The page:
Welcome to the blogosphere honey!
PinkGirl asked me to help her make a blog this weekend and after explaining the boundaries (no real names, mom helps with any photos and most importantly – mom approves the post before she clicks “Publish”), she is up and running at:
I told her that it was HER blog and that I would not be taking dictation. And she is required to use the home keys. I’m so mean.
Family and Friends please comment on her blog posts. Please. please? (Gram, that means you too!)
Back in April, I posted one of our family’s favorite recipes, “Cream Cheese Chicken..” (The original post has a printable version of the recipe in PDF.)
Yesterday, we made a little change and it turned out pretty good, so I thought I’d share.
First, I doubled the recipe except for the chicken and the cream cheese (I have a large crockpot). But this time, we rolled everything up in flour tortillas and made burritos! Next time I think I’ll take the lid off and let the mixture stand a little to thicken up, the burritos were a little too runny. But they were GOOD.
It does take an extra few minutes to roll burritos after everything is cooked, but it’s still only 5 minutes to prepare on the front end!
Patrick Warburton (aka Krunk) is a favorite in this house. We like M&M’s too.
I read, therefore I quote. I can’t help it. It’s what I do.
I was reading Working Identity: Unconventional Strategies for Reinventing Your Career by Herminia Ibarra and she quoted Louis Pasteur:
“Fortune favors the prepared mind.“
I immediately thought of Edna Mode’s version:
“Luck favors the prepared.”
(Anyone want to guess the movie? Hint: Don’t forget we are Disney freaks.)
Back to Herminia Ibarra’s thoughts about Pasteur:
“Pasteur was ready to make a discovery when a favorable opportunity presented itself because he . . . had primed himself through years of study and hard work . . .
. . . It is also no accident that the vaccination idea came to Pasteur right after his summer break. Having stepped back from his direct work on cholera, he was able to ssee his old problem in a new light. This is the famous “incubation” phenomenon, in which, “after ceasing to consciously work on a difficult problem, [artists and scientists] sometimes experience an apparant flash of illumination, during which a solution appears to them unexpectedly . . .
. . . Professional reinvention also requires a stepping back to obtain a new way of seeing what is. The full emotional and cognitive complexity of the change process can only be digested with moments of detachment and time for reflective observation. It the same way, time away from the everyday grind creates the “break frame” that allows people in transition to articulate intellectually what they already knew emotionally . . .
. . . It is hard for people to achieve the objectivity they need to question and change their daily routines while they are still actively immersed in them. Time-out periods help people make changes by providing a space for reflective observation. Stepping back makes room for insights we have been incubating but cannot yet articulate.”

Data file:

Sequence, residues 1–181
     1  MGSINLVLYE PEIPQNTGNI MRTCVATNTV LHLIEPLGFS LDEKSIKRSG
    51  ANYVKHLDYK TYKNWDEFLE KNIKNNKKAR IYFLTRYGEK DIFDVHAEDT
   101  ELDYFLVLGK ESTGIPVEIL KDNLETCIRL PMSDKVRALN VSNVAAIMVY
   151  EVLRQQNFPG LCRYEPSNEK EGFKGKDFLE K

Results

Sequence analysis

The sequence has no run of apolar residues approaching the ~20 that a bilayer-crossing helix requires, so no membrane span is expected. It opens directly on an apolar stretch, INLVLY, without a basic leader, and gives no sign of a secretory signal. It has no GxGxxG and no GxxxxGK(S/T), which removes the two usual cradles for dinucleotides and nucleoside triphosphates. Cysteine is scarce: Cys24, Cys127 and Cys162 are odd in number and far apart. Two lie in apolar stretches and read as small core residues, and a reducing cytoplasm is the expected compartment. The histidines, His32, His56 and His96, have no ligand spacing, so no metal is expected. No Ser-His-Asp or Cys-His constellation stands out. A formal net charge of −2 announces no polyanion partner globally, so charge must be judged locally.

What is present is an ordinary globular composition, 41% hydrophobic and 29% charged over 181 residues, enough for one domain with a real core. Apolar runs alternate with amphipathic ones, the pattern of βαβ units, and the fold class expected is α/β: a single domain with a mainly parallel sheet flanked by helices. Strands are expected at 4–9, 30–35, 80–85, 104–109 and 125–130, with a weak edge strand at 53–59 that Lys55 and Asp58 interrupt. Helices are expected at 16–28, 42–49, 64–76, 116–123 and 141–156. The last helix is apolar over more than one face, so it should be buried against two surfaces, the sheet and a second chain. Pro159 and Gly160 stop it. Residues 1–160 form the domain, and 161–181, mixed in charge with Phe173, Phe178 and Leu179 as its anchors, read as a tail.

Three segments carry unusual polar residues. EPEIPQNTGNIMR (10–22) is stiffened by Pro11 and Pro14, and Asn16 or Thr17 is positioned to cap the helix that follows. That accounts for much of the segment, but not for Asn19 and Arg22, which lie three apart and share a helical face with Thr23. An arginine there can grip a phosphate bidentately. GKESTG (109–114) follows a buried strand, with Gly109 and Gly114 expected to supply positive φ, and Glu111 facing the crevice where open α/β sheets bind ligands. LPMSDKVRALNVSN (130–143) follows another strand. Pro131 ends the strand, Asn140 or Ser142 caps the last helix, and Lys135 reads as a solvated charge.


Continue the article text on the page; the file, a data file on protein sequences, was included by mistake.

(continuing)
In my thought processes, Ibarra led me to “Too Busy Not to Pray: Slowing Down to Be With God” by Bill Hybels:
“No one can become an authentic Christian on a steady diet of activity. Power comes out of stillness; strength comes out of solitude. Decisions that change the entire course of your life come out of the holy of holies, your times of stillness before God.”
I can’t take a vacation right now. But I can schedule some solitude on a regular basis. Maybe I won’t be able to keep the appointment every day, but I’ll take what I can get.
If you have a quote to share from something you’ve read recently, feel free to comment and/or include a link to your own “. . . therefore I quote” post. I’ll try to make this a regular Thursday theme. If you do join in and write your own “. . . therefore I quote” post, please include a link back here? Thanks!
Want to learn how to paste an attractive link with a label? Click here!
(Mr. Linky doesn’t work well with wordpress.com, so feel free to paste a link right in your comment!)
What is FavoriteSon’s favorite school lunch these days?
The “take and bake” Walmart pizzas for $8.00 are an easy way to go on this one. We bake the pizza on Sunday, cut it up into 10 pieces and FavoriteSon packs 2 slices in his lunch every day. Of course, since he’s 13, that’s not ALL he takes for lunch, but it’s a good start.
This week, he talked me into taking him (and his sister) to American Pie for dinner while FirstHusband was on travel, so he’s eating Amercian Pie leftovers for the next few days. That wasn’t $8.00.